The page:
This paper discusses the use of grammatical terminology in English language teaching. Accepting that it is a common feature of many classrooms, the paper attempts to help teachers understand the role and nature of terminology. A distinction is made between terms which are transparent (e.g. ‘countable’), opaque (e.g. ‘verb’) or iconic (e.g. ‘–ing form’). A number of criteria for evaluating the suitability of terminology for classroom use are also offered. In this way it is hoped that teachers will be better equipped to make well-informed decisions about the terms they choose to use in the classroom.
Keywords: Terminology, Grammar, Pedagogic
Introduction: the relevance of grammatical terminology
The use of grammatical terminology in the language classroom has received little practical discussion, perhaps because it is considered incompatible with most approaches to language teaching in the late twentieth century. However, while some critics have associated terminology with all the ills of the grammar-translation method (e.g. Garrett 1986), the majority seem to approve of its limited use, e.g. Woods (1994), Muhammad (1994)and Carter (1995). This quote from Lewis is typical of the positive but cautious approach to that now seems to be current:
Introducing unnecessary jargon into the classroom is intimidating and unhelpful, but the careful introduction and regular use of a few well-chosen terms can be helpful and save a lot of time over the length of a course for both teacher and learner. (2000:129)
And it does seem to play a part in many classrooms. In my study of secondary and tertiary English teachers’ use of and attitudes towards terminology in Hong Kong (Berry 2001), the vast majority reported using ‘some’ or ‘a lot’ (46 out of 49 secondary and 21 out of 22 tertiary teachers), as opposed to ‘little’ or ‘none’.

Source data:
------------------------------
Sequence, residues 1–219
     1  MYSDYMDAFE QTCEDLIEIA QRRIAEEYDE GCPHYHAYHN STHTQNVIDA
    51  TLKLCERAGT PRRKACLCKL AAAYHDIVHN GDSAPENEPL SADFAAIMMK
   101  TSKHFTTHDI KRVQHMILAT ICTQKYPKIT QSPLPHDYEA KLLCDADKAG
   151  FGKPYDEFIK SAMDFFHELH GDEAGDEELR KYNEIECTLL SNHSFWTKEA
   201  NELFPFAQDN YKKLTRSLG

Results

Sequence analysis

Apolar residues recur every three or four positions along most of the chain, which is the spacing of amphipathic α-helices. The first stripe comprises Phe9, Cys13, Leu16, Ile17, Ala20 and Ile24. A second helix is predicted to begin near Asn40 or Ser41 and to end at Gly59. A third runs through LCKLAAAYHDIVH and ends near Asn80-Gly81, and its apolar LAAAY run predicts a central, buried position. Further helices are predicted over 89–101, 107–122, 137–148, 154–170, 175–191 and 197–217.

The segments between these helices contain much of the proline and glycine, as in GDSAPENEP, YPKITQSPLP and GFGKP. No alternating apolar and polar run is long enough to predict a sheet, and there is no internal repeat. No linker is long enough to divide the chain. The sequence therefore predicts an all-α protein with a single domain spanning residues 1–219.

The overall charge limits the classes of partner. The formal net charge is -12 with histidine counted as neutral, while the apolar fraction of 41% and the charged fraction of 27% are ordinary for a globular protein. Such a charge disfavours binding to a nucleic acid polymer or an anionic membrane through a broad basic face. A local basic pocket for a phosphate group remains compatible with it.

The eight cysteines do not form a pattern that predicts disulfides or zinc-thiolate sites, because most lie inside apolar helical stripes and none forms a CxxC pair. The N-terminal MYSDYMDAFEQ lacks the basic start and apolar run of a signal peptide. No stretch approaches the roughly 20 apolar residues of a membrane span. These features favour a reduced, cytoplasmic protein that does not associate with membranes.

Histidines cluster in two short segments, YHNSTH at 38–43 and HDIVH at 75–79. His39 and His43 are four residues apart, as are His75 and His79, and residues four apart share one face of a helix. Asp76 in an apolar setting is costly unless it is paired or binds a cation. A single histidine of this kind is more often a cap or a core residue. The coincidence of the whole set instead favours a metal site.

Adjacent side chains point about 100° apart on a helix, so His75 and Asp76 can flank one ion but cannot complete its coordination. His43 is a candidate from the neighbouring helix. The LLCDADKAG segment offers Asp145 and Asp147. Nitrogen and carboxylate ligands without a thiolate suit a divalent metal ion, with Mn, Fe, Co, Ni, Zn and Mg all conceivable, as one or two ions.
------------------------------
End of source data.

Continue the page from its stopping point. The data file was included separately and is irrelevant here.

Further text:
Nevertheless, there are problems with the use of terminology in ELT. In an earlier study of teachers and students on a business communication course I found a trend towards extensive overuse of terminology (Berry 1997). Many terms that the teachers assumed learners to be familiar with were generally unknown, and there was wide variation among the learners. Out of 372 students the scores on a 50-item terminology test ranged from 8 to 35.
Of course, this is not an argument against grammar terminology per se. It merely shows the need for better teacher education. If, as Wright has suggested (1991:68-69), there is a danger in giving teachers specialist knowledge in that that may wish to show it off to learners, then there is a case on training courses for making clear the difference between what teachers need to know and what learners need to know. Similarly, in the classroom teachers must check what terms are known and spend time on those that are not (possibly in self-access mode).
In any case, whether teachers use terminology seems to be determined not so much by methodological factors as by personal ones. There is evidence that one of the majors determinants of terminology use is the teachers’ own background, i.e. whether their own teachers used much terminology and whether they have had a formal course in English grammar (Berry 2001:112-115). In a similar vein,Borg (1998, 1999) shows how teachers have practices regarding terminology based on their background beliefs and attitudes. There are also factors outside the teacher’s control, such as the presence of terminology in textbooks, or its usefulness for learners in self-study mode. The advisability of having terminology in the L1 context, particularly to help the teaching of writing, is uncontested (Cajkler and Hislam 2002, Robinson 2005).
To exemplify how effective terminology can be if used appropriately, I reproduce below an exchange from Tsui (1995:33) in which a teacher is going through student errors involving the incorrect use of verb forms after modals:
T: You can write programmes, play a game,doing calculations, drawing a picture, etc. I like the idea very much, you’ve got some concrete examples, but it’s not quite balanced so far as grammar goes. OK, what is the modal in that sentence?
T: Can. OK, and we see here the modal(points at the previous sentence on the board)…
(my italics; underlined text represents text being cited)
Tsui is not aiming to promote the use of terminology; her interest is in describing good grammatical explanations. But it is hard to imagine a practical alternative to the use of the term modal here (provided students are familiar with it). There will be situations where terminology is not appropriate, as with less advanced, younger or less mature students, but if the classroom focus is on form it appears to be an essential shorthand.
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